This year the administrations of the five Claremont Colleges revised their policies regarding sexual assaults on campus, as reported in TSL last week. The overarching goal of
these policy changes was to unify the approaches that the schools
take to handling instances of sexual assault, as well as to include a federally mandated change concerning Title IX requirements. In the past, having different
policies at the five schools made the judicial process in response to an alleged sexual assault
particularly difficult when the relevant parties attended different
colleges. We are looking forward to the more standardized judicial process that these changes will bring in the future.
In this week’s Special Features section we cover the complexities of the substance-free
opening on the 5Cs, which exists partly to reduce the number of
sexual assaults that statistically occur more often at the beginning of each school year than at any other time,
according to interviews with various deans and student leaders. The Advocates for Survivors of Sexual Assault, the Title IX
Coalition, and the Teaching Alcohol Abuse Prevention program at Pomona
College are also dedicated to preventing sexual assaults on campus.
With the growing recognition that sexual assault is a real problem
on the 5Cs, as it is at colleges across the nation, the schools have
rightly been attempting to create a safer environment and better
response mechanisms to prevent and deal with these incidents. On an institutional level the schools have all addressed their policies, while students are also working together to create on-the-ground support systems for fellow classmates.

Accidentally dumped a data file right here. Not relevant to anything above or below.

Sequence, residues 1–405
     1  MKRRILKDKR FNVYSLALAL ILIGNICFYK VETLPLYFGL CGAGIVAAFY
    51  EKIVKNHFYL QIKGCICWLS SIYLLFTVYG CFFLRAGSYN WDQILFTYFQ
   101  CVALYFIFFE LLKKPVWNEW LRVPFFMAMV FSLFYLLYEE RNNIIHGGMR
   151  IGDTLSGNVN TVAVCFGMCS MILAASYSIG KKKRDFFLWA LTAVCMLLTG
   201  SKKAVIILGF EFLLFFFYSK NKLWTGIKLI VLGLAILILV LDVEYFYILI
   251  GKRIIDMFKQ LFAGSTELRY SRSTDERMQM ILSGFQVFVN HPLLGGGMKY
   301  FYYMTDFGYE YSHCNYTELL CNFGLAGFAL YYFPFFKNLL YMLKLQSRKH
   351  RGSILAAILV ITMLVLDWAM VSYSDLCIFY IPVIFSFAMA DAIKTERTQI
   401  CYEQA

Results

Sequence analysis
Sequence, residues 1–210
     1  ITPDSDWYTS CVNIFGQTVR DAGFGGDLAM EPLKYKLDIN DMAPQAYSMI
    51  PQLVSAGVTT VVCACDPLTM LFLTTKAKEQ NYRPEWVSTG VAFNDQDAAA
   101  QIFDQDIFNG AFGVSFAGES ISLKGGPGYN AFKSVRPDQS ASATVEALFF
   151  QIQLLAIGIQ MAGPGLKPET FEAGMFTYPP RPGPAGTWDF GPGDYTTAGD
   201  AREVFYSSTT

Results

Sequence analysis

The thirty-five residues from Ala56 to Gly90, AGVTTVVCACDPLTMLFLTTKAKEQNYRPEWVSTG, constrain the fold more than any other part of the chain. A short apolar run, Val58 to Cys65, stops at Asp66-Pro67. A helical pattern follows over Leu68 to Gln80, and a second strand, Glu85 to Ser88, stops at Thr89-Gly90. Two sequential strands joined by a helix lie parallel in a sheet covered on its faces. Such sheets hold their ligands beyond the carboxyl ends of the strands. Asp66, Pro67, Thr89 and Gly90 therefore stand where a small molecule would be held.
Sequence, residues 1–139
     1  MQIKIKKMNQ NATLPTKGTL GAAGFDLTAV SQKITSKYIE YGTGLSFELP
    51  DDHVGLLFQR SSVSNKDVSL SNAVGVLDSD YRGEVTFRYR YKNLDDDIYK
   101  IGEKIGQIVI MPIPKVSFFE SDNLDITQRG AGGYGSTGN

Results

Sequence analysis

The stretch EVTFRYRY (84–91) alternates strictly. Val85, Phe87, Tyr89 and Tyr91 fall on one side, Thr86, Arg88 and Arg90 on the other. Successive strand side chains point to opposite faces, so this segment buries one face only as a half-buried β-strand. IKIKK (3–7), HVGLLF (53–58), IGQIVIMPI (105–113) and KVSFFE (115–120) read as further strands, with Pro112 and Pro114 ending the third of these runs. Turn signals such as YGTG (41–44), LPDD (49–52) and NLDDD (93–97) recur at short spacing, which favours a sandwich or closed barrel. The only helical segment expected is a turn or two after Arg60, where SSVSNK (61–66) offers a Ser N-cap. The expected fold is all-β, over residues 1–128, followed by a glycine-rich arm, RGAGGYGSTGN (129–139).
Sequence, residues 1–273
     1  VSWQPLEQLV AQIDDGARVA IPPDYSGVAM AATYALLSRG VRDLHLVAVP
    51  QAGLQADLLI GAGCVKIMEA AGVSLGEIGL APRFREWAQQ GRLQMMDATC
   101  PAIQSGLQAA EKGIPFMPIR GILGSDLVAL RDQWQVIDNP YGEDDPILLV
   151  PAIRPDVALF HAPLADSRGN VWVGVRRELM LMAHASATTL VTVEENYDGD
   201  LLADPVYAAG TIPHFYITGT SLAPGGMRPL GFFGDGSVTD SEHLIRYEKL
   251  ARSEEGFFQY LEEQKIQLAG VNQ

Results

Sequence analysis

Claremont McKenna College and Scripps
College are in the process of creating Advocates programs to give
support to survivors of sexual assault, following in the footsteps of
Pomona’s well-established program. We applaud CMC and Scripps students and
administrators for their efforts to provide better a support resource for survivors. The 7C sexual assault website is also a step in the right direction as an integrated place to find policies on sexual misconduct on campus.
But we are left wondering why Harvey Mudd College and Pitzer
College have yet to establish their own groups similar to Pomona’s Advocates. Especially when we consider the incredible mix of students who attend weekly parties that occur on all five campuses, it is a disservice to the Claremont University Consortium as a whole that two of the five undergraduate colleges have not created a student-based group to support survivors of sexual assault.
This editorial board offers that the best practice for CUC would be to implement a 7C support group, modeled after Pomona’s Advocates and the developing Scripps and CMC programs but that includes students from every institution and has a staff member trained to help survivors of sexual assault. Students from each of the schools ought to have access to a 7C resource that includes a 24/7 hotline and trained staff in the case of a sexual assault.